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Property Taxation


Property Taxes

Property taxation is the main source of revenue for local governments. Municipalities have authority under Part 7 of the Community Charter to tax property owners; this same authority does not apply to regional districts. Instead, the Local Government Act provides the authority for regional districts to establish bylaws setting out maximum taxation amounts. The Province taxes property owners on the regional districts' behalf and remits the revenue to the regional district.

Property taxes generally pay for local government administration, staffing, debt servicing, leases, and the costs to provide services to the community. Examples of these services include:

  • libraries;
  • water systems;
  • sewer systems;
  • garbage pickup;
  • bylaw enforcement; and,
  • fire and police protection.

Property taxes are calculated on the basis of the market value, or "assessment", of land, improvements or both (i.e. house, barn, garage, yard) and the municipal "tax rate". Most local governments calculate taxes using the variable tax rate system where tax rates are based on a dollar figure per $1,000 dollars of assessed property value (i.e. $1.02/$1,000). Using this example, the property taxes payable on a $300,000 property would be $306.

Tax rates differ between municipalities and may vary depending on the "class" of property. Municipalities set their annual tax rates based on the revenue needs set out in their financial plan.

Municipalities are required to collect taxes on behalf of:

MFA, BCA, GVTA and BC Transit have the legislative authority to set their own tax rates and the provincial government sets school district tax rates.


Major Industrial Taxes

In 2009, the Ministry began a collaborative process to review major industrial property tax in response to several court challenges regarding municipal tax rates for major industrial properties.

A steering committee consisting of Ministry, Union of BC Municipalities (UBCM) and industry representatives was established to define major industrial property tax-related issues and to identify potential solutions. The Major Industrial Properties Steering Committee Final Report (306KB, PDF) has been completed by the steering committee and is now available.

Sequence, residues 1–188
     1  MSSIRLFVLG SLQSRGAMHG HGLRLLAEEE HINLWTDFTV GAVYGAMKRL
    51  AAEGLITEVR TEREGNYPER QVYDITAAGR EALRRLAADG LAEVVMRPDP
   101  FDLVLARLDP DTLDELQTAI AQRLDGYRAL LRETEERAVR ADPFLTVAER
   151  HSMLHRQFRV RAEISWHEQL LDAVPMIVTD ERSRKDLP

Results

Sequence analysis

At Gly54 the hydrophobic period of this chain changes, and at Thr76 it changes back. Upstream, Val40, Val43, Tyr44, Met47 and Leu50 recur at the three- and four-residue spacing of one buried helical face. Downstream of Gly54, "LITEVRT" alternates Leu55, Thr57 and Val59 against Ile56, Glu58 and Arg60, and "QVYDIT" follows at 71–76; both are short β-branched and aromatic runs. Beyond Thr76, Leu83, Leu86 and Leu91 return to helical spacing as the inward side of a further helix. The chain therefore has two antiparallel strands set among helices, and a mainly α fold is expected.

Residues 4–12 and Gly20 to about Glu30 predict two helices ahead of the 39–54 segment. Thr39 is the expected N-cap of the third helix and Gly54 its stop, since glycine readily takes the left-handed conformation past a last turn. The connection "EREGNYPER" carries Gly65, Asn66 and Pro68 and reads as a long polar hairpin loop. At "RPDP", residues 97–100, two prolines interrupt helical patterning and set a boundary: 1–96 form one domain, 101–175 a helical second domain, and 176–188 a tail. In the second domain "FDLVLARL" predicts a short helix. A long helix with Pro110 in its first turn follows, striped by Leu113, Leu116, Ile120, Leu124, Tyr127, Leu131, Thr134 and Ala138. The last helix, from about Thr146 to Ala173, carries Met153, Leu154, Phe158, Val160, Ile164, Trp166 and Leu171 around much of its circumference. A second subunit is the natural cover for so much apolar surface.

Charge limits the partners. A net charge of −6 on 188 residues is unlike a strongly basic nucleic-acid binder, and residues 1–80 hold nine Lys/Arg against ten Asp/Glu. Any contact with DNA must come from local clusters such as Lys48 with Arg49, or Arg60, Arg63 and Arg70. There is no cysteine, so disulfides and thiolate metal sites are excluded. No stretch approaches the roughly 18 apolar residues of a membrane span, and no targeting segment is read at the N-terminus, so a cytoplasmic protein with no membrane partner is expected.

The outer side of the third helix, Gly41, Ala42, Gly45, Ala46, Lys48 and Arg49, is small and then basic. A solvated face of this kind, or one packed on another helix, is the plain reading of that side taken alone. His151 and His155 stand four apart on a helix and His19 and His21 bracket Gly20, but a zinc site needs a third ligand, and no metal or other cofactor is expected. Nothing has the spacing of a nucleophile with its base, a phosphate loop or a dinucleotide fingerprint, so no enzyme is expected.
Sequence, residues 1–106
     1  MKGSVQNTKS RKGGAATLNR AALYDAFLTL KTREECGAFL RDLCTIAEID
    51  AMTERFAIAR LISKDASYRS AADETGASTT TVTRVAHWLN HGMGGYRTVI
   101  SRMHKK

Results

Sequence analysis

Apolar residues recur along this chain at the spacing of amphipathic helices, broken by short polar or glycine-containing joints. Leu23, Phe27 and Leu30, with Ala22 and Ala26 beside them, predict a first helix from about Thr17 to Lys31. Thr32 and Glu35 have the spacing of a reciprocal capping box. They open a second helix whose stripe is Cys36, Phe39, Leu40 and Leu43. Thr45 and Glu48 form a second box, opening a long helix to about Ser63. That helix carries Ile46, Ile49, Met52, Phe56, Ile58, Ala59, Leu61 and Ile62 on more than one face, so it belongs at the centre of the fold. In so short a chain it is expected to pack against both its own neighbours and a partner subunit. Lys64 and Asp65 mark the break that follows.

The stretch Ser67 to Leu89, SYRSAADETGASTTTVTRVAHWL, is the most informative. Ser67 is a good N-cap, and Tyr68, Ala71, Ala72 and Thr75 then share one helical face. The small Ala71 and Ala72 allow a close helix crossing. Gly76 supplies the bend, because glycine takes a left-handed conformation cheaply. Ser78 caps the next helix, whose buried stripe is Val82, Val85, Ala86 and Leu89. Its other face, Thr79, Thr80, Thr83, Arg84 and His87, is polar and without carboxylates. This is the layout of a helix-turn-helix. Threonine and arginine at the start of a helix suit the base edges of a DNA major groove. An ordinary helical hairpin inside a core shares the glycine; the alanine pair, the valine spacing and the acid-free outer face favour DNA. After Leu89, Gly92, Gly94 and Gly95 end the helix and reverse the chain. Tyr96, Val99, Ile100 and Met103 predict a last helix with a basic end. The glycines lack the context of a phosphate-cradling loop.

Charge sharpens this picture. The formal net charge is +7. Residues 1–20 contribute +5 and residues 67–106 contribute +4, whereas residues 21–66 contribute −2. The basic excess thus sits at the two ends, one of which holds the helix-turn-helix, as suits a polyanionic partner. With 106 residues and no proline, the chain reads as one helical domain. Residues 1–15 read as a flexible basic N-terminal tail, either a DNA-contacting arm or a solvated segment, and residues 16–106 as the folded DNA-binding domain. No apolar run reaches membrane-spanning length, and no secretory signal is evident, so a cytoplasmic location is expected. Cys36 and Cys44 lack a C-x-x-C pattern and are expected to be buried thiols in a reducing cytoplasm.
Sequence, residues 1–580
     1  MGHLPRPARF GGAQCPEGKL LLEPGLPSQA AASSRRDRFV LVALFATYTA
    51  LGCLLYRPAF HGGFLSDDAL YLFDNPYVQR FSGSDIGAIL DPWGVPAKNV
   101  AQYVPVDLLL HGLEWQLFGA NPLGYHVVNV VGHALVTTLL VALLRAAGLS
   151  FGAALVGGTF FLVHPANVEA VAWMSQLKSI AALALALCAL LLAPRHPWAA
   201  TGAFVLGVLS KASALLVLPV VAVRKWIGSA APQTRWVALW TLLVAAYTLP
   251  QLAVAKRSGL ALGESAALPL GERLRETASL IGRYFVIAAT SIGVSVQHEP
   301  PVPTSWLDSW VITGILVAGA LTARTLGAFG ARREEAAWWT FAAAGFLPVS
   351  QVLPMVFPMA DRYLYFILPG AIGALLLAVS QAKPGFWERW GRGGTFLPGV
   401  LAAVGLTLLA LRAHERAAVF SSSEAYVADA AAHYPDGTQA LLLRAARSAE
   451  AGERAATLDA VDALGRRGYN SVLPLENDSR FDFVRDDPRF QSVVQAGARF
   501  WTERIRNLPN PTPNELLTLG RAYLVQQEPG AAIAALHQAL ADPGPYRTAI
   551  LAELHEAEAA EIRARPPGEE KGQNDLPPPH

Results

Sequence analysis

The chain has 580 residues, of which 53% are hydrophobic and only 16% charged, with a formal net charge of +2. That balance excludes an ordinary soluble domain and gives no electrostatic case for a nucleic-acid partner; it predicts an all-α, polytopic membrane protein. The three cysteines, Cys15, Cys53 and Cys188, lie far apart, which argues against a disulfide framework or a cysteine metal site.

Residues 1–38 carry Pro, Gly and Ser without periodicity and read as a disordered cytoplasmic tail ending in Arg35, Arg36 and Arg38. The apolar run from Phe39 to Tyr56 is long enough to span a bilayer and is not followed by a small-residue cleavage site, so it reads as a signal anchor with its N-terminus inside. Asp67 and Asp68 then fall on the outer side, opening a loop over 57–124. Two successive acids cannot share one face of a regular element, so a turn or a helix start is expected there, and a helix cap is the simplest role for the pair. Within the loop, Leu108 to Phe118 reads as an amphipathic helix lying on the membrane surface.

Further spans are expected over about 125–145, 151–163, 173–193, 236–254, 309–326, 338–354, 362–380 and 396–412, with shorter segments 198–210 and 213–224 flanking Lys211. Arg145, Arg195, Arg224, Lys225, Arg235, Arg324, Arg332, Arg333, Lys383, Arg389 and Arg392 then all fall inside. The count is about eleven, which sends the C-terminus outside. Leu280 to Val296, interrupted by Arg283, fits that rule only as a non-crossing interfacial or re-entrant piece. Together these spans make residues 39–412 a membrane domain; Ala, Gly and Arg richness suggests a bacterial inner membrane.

During the major industrial property tax review process, the Ministry and UBCM also conducted a study to determine the impacts of municipal property taxation on decisions within various industries and business sectors. The Major Industrial Property Taxation Impacts Report (1.8MG, PDF) has been completed and is now available.


Regional District Taxes

Regional districts tax specific properties for specific services such as:
  • fire protection;
  • street lighting;
  • garbage;
  • recycling;
  • recreation;
  • water;
  • sewer; and
  • general administration.

Each service is established by bylaw which sets out the maximum amount to be charged for that service in a given year. The bylaw also defines which properties fall within the service area. A single property may fall within a number of service areas and therefore be taxed a different amount than another property depending on the number of services it receives.

Regional districts create annual tax requisitions specifying the amount to be collected for each service in order to meet their annual revenue needs. The Surveyor of Taxes establishes a tax rate which is then levied against the properties within the regional district's electoral areas which are areas located outside municipal boundaries. Where a regional district provides services to properties within a municipal boundary, the municipality levies and collects taxes on the regional district's behalf and then remits the money to the regional district.

Home Owner Grants

Home owners who are Canadian citizens or landed immigrants and reside permanently in British Columbia may be entitled to a Provincial Home Owner Grant. This annual grant reduces the total amount of property taxes to be paid by a residential property owner to their local government.


Tax Exemptions

Every property owner in the province must pay property taxes unless specifically exempted by provincial statute . Statutory exemptions are listed in both the Community Charter and the Taxation Rural Area Act. These properties include, but are not limited to:
  • schools and universities;
  • public libraries;
  • places of public worship; and,
  • hospitals.

Under the Community Charter and the Local Government Act, local governments may grant permissive tax exemptions which exempt certain properties from taxation for a specified period of time. Generally, public parks owned and held by an athletic or service club, not-for-profit corporations, art galleries or museums owned by a charitable or philanthropic organization and property owned by a local authority receive permissive tax exemptions.

Revitalization Tax Exemptions (82 KB)
Amendments to Municipal Financial Plans and Revitalization Tax Exemptions

The Local Government Department collects information about municipal tax rates and tax revenues and each municipality must submit their rates by May 15 each year.


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